The Solution: Both men and women should be recognizing and challenging these stereotypes. When you see it happening, call it out. Instead of drinks at a sports bar after work, consider a lunch meeting. If you are selling to a group of decision-makers, address all buyers – not just the males. And try to eliminate the macho male activities in the office (that “Hey, Buddy!” to the CEO and those good-natured slaps on the back).
3) Corporate Culture
The Problem: While gender bias may not be overt, there are still often subtle undertones in the workplace that can be harmful to the success of women. This could include asking women to take notes in a meeting or fetch the coffee, talking over females in a meeting or ignoring them completely, addressing a group of women as “girls”, expecting the women to plan the office parties and decorate for the holidays, or neglecting to shake their hands in greeting. And of course one of the biggest issues is unequal compensation. A survey from the US Bureau of Labor Statistics found that the largest wage gap between men and women occurs in the sales industry (behind nine other key industries), with women earning 64.4 cents per every dollar a man earns.
The Solution: Everybody needs to feel as if they are part of the team and that they aren’t being unfairly held back – everybody needs to have a seat at the table and a voice. Work to create a culture of collaboration – not competition – where all, regardless of gender, feel safe and included. These efforts will be felt internally with your sellers (and other employees), but also externally with your buyers.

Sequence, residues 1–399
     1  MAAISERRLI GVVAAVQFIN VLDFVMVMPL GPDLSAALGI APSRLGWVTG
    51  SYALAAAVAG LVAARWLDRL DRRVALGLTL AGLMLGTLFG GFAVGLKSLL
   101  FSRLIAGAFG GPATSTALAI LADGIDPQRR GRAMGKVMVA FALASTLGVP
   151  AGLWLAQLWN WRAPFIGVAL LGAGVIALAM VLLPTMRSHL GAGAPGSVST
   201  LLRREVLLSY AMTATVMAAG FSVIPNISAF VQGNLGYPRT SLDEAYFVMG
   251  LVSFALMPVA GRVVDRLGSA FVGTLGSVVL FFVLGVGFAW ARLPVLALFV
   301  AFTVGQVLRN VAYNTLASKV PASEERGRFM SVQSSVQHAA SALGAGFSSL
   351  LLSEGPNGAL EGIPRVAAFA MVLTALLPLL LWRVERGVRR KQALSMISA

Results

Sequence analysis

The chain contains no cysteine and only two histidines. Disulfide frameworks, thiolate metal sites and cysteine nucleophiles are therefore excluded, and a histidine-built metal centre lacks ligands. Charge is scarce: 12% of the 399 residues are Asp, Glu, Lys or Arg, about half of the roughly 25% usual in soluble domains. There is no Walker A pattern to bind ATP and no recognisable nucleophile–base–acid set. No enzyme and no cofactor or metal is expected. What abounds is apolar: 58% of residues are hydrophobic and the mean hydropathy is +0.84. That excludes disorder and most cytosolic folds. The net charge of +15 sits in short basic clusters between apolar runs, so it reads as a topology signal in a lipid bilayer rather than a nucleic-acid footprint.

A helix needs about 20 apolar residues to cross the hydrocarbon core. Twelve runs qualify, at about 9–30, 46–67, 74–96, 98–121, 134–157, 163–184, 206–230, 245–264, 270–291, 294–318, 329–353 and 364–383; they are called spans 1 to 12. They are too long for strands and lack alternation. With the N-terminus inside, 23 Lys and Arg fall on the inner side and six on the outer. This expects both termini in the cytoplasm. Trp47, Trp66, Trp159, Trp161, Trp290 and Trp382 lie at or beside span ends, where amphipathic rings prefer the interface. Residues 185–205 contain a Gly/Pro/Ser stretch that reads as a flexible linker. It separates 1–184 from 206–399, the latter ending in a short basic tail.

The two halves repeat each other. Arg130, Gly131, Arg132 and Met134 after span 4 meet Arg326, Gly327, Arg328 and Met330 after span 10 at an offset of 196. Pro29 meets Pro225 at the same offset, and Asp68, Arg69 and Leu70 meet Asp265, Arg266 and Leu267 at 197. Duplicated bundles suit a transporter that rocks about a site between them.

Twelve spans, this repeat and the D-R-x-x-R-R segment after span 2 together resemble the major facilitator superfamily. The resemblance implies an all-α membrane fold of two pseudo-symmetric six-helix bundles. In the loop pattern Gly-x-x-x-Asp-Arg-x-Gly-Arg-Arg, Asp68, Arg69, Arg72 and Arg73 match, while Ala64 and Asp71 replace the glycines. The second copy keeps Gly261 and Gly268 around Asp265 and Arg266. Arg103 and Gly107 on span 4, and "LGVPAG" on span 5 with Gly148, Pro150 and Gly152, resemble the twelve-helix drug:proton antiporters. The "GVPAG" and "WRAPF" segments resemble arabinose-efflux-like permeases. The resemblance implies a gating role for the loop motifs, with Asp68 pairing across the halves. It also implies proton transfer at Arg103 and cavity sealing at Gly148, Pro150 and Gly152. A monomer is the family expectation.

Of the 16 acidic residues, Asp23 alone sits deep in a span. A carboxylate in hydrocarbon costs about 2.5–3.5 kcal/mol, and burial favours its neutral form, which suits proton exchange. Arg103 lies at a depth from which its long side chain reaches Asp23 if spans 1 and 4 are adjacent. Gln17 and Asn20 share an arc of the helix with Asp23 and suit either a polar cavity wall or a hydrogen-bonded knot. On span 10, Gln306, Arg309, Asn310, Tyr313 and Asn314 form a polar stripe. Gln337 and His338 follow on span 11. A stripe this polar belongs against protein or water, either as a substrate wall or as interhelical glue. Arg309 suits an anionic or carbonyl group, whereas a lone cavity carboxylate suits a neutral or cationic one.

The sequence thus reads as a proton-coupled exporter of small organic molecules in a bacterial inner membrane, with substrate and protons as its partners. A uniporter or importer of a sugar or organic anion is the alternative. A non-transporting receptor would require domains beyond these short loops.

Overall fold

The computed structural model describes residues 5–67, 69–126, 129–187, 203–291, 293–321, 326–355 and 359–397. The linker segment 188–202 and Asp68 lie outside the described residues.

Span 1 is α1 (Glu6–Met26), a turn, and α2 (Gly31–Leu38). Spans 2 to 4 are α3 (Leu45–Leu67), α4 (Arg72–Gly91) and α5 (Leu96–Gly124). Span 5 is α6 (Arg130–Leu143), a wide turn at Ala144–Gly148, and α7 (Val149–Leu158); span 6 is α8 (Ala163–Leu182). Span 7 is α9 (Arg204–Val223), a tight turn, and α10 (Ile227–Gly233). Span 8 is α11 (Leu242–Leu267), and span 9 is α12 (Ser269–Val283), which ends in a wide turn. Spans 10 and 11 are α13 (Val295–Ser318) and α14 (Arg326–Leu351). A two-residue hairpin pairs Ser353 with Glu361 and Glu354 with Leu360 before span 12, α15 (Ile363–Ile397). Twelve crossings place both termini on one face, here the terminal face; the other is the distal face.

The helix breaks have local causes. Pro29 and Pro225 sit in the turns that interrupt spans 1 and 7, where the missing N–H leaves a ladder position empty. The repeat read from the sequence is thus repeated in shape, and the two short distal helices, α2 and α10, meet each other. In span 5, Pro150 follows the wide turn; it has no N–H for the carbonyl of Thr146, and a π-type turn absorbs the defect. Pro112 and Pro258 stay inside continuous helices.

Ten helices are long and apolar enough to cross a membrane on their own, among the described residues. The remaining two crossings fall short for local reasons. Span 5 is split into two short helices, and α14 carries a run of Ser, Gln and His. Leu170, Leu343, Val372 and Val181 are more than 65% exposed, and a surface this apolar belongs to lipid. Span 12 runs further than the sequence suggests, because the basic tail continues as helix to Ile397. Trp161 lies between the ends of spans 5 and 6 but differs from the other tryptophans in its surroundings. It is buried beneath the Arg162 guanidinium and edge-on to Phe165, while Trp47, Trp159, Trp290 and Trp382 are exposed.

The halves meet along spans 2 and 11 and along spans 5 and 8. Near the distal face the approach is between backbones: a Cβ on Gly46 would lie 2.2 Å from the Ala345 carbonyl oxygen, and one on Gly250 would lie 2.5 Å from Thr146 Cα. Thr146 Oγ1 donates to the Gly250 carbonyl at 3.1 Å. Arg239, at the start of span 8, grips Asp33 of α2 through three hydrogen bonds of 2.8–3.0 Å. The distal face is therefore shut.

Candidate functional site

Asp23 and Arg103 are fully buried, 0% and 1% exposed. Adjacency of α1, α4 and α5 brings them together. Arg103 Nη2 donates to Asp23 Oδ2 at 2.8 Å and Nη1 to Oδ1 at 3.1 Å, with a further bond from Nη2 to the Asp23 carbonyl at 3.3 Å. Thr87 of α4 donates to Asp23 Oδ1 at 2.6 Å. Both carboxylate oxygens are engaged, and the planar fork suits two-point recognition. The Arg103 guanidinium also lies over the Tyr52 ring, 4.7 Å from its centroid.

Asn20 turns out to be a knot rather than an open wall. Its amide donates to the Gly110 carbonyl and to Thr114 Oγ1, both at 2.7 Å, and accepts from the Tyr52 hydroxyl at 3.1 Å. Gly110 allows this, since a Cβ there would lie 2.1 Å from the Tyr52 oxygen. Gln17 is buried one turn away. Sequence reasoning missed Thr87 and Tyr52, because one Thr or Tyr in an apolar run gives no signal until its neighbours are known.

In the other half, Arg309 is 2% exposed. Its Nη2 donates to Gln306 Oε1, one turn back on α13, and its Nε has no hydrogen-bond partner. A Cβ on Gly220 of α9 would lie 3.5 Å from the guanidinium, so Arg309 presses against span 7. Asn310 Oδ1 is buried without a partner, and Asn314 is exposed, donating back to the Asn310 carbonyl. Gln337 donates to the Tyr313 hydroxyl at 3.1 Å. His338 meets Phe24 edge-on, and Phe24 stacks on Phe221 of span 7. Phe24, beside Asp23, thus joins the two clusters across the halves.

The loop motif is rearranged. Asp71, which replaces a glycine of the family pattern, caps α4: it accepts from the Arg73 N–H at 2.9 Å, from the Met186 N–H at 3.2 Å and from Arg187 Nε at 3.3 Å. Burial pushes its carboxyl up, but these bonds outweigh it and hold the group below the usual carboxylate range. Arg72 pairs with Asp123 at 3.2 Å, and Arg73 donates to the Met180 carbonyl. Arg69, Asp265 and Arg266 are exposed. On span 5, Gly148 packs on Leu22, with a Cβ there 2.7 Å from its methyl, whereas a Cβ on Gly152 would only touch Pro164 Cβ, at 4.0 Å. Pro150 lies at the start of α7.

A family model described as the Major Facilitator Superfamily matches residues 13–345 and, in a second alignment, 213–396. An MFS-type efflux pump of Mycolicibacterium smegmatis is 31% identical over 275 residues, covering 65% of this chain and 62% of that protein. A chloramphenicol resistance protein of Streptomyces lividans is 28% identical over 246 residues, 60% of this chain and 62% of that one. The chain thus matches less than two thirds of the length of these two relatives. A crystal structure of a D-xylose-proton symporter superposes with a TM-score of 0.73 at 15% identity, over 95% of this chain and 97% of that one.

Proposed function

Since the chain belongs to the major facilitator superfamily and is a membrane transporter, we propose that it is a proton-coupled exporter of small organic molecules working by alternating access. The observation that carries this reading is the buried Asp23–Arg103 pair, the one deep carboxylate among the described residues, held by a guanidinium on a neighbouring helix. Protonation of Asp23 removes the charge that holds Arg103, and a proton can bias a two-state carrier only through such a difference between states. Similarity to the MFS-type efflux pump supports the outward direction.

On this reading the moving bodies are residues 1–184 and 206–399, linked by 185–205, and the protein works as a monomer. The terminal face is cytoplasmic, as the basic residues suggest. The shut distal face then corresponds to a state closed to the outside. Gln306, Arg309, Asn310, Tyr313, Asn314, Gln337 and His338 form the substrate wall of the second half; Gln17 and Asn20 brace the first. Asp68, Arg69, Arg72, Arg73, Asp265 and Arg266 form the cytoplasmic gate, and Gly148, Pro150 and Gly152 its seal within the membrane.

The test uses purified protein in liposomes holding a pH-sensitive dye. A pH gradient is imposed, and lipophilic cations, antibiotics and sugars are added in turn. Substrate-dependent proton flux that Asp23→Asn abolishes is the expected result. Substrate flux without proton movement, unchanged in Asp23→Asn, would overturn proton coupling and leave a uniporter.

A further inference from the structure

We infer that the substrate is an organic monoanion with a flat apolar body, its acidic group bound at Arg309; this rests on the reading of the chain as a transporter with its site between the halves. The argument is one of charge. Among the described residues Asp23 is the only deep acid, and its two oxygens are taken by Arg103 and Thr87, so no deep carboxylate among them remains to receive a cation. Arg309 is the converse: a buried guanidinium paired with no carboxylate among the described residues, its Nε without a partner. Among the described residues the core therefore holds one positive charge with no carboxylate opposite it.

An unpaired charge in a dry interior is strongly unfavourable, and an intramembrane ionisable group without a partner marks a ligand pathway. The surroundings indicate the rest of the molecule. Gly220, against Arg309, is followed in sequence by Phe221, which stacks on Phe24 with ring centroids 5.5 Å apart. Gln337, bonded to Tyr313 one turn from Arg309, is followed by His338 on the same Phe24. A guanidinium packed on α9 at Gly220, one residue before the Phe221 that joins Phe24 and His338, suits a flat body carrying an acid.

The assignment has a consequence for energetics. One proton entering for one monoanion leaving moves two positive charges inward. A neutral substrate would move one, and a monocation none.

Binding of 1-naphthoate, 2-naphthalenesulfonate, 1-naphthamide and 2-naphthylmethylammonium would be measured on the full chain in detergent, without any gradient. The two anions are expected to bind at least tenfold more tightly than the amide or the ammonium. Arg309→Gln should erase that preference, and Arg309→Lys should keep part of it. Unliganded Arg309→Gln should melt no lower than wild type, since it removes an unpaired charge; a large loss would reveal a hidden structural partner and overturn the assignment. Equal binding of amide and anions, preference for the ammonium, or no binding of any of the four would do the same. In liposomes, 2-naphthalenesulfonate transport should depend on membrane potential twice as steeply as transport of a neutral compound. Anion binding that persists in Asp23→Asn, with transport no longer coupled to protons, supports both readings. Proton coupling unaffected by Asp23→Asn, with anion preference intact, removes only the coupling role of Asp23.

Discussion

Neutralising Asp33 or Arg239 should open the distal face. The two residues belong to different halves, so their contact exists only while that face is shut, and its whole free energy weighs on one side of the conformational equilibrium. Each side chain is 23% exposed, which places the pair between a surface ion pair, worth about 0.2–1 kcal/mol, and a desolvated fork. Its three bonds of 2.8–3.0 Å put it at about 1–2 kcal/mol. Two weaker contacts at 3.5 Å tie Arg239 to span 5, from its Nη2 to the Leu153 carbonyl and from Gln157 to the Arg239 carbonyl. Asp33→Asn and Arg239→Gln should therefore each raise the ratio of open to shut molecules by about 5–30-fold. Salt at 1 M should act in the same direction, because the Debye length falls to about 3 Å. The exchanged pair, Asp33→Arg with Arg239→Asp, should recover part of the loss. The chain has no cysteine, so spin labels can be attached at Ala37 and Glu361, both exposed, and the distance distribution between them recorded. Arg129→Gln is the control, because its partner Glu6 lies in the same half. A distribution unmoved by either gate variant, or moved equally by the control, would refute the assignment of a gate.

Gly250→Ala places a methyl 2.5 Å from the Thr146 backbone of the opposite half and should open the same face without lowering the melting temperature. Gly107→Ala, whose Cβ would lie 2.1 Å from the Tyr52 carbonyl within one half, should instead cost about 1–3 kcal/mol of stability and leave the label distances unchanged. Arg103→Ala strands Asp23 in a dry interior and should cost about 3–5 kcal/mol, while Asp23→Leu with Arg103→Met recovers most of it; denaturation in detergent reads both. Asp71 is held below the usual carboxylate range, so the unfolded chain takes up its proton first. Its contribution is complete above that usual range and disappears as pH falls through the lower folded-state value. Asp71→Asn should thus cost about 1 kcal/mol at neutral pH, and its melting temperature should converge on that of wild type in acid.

While the company may take a stand against gender bias, it can take longer to see the changes in action. Transforming a corporate culture can’t just be a top-down initiative. Leadership needs to set the tone and direction and model appropriate behavior, but successfully creating a gender-inclusive culture requires support from bottom-up as well. And it should go without saying that women and men should be compensated equally and fairly
Lastly, women can’t just sit around and wait for change to happen. They need to take an active role in helping to create the culture that they want to be a part of. Speak up when you feel disrespected. Initiate a conversation about change. Participate in key opportunities that advance equality. These seemingly small steps can go a long way in driving lasting change.
Gender diversity helps to create a pipeline of strong talent, building a powerful and successful sales organization. A McKinsey & Company study found that companies with gender diverse leadership outperform others financially by 15%. Additionally, they attract better talent, have longer employee retention, attain higher quota, and are viewed more positively by buyers. Lastly, women bring tremendous value to the sales organization. Along with offering a wealth of knowledge, experience, and leadership to the sales team, an HBR study found that females significantly outperform males in 12 of 16 key leadership competencies, including “taking initiative” and “driving for results”.
There’s no better time than now for organizations to make sure they are cultivating their greatest under-utilized asset: women in sales. To learn more about the challenges women face in sales and their tips for success, hear real women share their success stories!